Some AMD CPUs Might Lose RdRand Randomness Following Suspend/Resume
Written by Michael Larabel in AMD on 7 May 2019 at 11:19 AM EDT. 22 Comments
AMD --
Systemd developers are sounding the alarms that some AMD processors might lose randomness (yielding non-random data) via the RdRand instruction following a suspend/resume alarm. However, initial indications don't appear for this to be some glaring widespread issue and might be limited to the older AMD CPUs and/or BIOS/motherboard combination.

Systemd lead developer Lennart Poettering of Red Hat tweeted today, "So AMD CPUs implement an RDRAND operation that doesn't actually return randomness (after your first suspend/resume cycle that is)."

Referenced is this bug report outlining that the RdRand instruction on an older AMD A6-6310 processor isn't properly behaving following a suspend/resume. By avoiding RdRand usage on the system as part of generating a UUID, the reported systemd issue no longer happens.

Also referenced is this Linux kernel bug report that is still open after five years. That bug report cites RdRand failing after resume on AMD CPUs. In this case, OpenSSL was failing to generate keys after a kernel suspend/resume. The belief back then was that it may be due to a BIOS bug but the issue not fully investigated since OpenSSL ended up disabling RdRand usage in the process and thus working around the problem experienced by the end-user.

Fortunately, by default the Linux kernel doesn't exclusively rely upon RdRand as a source of entropy but ends up being mixed in with other data / entropy sources. Regardless, now that Red Hat developers are involved and other upstream developers, hopefully they'll be able to figure out this issue in short order to come up with an effective solution.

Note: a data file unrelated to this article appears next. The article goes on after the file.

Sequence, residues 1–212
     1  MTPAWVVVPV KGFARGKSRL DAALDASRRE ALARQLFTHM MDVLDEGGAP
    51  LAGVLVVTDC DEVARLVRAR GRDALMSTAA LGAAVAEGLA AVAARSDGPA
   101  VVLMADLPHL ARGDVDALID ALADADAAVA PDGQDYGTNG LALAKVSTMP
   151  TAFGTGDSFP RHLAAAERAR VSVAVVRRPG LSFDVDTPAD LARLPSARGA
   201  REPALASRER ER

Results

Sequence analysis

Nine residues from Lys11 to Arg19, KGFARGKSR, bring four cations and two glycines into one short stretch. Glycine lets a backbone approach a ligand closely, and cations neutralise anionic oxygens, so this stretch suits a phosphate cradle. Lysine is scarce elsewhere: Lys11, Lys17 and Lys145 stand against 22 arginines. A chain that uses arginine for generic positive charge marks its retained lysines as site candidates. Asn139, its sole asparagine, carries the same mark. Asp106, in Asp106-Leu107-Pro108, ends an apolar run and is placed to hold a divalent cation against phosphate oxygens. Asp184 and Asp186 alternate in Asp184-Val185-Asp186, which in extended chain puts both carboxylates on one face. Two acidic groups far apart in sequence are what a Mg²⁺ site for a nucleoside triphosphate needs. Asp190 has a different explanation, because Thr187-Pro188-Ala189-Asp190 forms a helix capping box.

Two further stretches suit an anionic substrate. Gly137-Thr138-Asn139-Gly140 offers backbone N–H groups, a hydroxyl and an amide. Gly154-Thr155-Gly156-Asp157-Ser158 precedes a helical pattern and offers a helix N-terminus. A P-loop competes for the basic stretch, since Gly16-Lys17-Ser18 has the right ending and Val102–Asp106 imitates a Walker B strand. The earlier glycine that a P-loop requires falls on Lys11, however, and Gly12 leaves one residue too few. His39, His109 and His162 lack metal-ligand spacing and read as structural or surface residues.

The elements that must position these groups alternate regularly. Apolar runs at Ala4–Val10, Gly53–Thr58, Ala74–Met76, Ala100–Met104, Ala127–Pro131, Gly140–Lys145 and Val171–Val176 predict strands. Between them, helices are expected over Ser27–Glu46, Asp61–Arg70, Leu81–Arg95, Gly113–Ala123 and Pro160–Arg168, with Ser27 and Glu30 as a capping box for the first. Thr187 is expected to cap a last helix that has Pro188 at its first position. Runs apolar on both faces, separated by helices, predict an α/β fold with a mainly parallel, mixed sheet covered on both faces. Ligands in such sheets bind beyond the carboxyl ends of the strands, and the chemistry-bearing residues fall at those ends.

I haven't encountered this issue myself and so far the only reports I've seen are from those using older Excavator era processors and not any newer AMD "Zen" Ryzen/EPYC processors.
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Michael Larabel is the principal author of Phoronix.com and founded the site in 2004 with a focus on enriching the Linux hardware experience. Michael has written more than 20,000 articles covering the state of Linux hardware support, Linux performance, graphics drivers, and other topics. Michael is also the lead developer of the Phoronix Test Suite, Phoromatic, and OpenBenchmarking.org automated benchmarking software. He can be followed via Twitter or contacted via MichaelLarabel.com.

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